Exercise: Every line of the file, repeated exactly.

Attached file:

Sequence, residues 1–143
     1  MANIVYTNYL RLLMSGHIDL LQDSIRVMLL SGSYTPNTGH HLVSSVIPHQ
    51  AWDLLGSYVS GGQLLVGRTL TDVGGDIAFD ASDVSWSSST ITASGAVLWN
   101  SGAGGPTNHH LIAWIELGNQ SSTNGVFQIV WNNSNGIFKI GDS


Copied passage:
Sequence, residues 1–143
     1  MANIVYTNYL RLLMSGHIDL LQDSIRVMLL SGSYTPNTGH HLVSSVIPHQ
    51  AWDLLGSYVS GGQLLVGRTL TDVGGDIAFD ASDVSWSSST ITASGAVLWN
   101  SGAGGPTNHH LIAWIELGNQ SSTNGVFQIV WNNSNGIFKI GDS